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There is only one 'public' for OC Transpo to serve

Transit is, appropriately enough, a moving target. In last week’scolumn, I wrote of OC Transpo’s proposal to hike fares by an average of7.5 per cent, with particularly steep increases for seniors andstudents, and ask city hall for a 12.7 per cent budget increase.

Transit is, appropriately enough, a moving target. In last week’s column, I wrote of OC Transpo’s proposal to hike fares by an average of 7.5 per cent, with particularly steep increases for seniors and students, and ask city hall for a 12.7 per cent budget increase.

These numbers were current at the time I wrote them, but by the time you read them the transit committee had already voted to ease the fare increase to 3.5 per cent, while jacking up the budget 16 per cent. Sorry about that.

Of course, these decisions move the city even further away from its goal of covering 50 to 55 per cent of OC Transpo’s costs with fares, but laudably abandon attempts to balance the budget on the backs of those who can least afford it.

They also elicited a curious complaint from Ottawa Citizen columnist Randall Denley: “This council has long looked on OC Transpo as a social service, not a business.”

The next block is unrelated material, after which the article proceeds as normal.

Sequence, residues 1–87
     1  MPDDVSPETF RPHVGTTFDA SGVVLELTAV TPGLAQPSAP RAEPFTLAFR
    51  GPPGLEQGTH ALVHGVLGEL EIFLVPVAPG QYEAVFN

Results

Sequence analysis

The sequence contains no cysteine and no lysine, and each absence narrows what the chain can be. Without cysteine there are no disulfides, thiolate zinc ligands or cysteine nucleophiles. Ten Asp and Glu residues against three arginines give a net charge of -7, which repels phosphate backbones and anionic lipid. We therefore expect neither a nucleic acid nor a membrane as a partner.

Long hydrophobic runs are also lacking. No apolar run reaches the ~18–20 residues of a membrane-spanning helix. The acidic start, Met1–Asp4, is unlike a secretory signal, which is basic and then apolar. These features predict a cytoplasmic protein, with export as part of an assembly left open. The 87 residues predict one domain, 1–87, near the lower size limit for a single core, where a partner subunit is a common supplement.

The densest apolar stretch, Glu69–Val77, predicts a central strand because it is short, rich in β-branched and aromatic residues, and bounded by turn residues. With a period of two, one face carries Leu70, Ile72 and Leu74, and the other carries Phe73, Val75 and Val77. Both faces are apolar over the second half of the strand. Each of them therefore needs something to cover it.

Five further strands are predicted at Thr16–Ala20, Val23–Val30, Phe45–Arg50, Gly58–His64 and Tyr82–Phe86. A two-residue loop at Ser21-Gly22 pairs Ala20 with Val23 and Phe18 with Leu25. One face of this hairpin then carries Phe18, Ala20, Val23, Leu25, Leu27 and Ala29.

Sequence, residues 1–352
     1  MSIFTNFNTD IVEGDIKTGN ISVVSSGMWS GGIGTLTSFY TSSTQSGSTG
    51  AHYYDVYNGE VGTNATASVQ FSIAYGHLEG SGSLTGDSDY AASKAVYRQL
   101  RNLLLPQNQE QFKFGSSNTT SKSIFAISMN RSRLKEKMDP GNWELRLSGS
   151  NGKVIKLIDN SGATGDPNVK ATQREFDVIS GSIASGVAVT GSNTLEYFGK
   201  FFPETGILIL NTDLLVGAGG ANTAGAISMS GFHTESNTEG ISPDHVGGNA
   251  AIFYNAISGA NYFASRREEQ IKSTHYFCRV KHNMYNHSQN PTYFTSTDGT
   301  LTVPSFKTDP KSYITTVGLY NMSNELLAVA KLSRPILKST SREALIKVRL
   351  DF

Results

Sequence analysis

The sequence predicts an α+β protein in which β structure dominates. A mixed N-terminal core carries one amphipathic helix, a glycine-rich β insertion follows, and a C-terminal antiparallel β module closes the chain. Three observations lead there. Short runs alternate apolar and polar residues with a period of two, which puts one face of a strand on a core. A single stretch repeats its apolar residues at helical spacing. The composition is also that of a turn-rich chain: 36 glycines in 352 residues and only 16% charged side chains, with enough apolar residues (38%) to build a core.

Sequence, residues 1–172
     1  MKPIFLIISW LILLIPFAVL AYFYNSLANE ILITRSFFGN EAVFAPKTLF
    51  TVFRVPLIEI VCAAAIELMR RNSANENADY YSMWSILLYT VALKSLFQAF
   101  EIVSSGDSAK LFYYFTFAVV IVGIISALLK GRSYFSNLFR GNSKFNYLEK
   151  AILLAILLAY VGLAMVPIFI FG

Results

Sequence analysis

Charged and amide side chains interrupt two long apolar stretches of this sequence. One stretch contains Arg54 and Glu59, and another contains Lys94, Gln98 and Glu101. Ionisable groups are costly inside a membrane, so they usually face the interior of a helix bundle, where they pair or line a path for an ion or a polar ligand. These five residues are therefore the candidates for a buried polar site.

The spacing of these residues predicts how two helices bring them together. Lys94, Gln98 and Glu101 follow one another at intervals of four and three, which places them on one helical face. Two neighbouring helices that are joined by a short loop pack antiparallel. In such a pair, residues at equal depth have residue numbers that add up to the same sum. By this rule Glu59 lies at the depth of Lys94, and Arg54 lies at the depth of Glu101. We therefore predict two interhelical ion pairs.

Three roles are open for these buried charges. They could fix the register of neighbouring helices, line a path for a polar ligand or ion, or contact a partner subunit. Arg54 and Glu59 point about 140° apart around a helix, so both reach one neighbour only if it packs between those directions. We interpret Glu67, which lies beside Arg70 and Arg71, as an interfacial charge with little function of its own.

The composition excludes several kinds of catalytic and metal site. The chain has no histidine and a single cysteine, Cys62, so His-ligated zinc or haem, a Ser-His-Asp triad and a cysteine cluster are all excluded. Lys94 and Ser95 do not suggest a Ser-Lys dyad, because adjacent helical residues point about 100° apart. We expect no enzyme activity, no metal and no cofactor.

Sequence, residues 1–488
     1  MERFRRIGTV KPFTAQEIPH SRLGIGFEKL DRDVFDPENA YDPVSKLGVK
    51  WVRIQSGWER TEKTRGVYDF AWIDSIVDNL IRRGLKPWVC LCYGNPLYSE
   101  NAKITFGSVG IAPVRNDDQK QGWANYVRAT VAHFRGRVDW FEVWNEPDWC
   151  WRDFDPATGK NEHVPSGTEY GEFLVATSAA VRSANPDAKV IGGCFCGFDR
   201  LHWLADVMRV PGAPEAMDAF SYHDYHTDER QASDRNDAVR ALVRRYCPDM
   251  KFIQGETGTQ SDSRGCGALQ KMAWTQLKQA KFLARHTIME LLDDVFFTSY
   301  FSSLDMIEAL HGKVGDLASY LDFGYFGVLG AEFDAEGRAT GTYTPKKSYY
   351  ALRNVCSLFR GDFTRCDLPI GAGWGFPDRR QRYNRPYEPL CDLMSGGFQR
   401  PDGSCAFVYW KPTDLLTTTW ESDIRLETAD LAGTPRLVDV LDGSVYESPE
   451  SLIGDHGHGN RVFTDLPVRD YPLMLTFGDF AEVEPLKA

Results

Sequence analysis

And well they might. If public transit was a business, we could dispense with the ‘public’ part entirely. OC Transpo would be there to make money, and getting people where they want to go (as profitably as possible) would just be the means to that end.

That is not, however, the case. OC Transpo is a municipal service which charges a user fee, but it is no more a business than the public library or the police department.

As OC Transpo states on its website, “Its mandate is to deliver safe, reliable and courteous service at a reasonable cost to all residents. Increased transit use contributes to the quality of life in the city by reducing greenhouse gas emissions, traffic congestion and the requirement for more roads.”

Making a buck just isn’t the name of the game here, and neither is pitting one part of the city against another.

Coun. Jan Harder, in her Barrhaven This Week column, writes, “I will remind you that every taxpayer in this city pays at least 50 per cent of all transit costs through your taxes even though less than 25 per cent of you Barrhavenites use the services of OC Transpo.”

We could get into a debate on whether suburbs receive more services overall than they pay for, but it’s also true that taking the OC Transpo downtown from Barrhaven can be a long, cold wait for a bus with space onboard.

Harder’s suggestion that her constituents somehow have less of a stake in good public transit, though, is hardly likely to help matters. There’s only one public.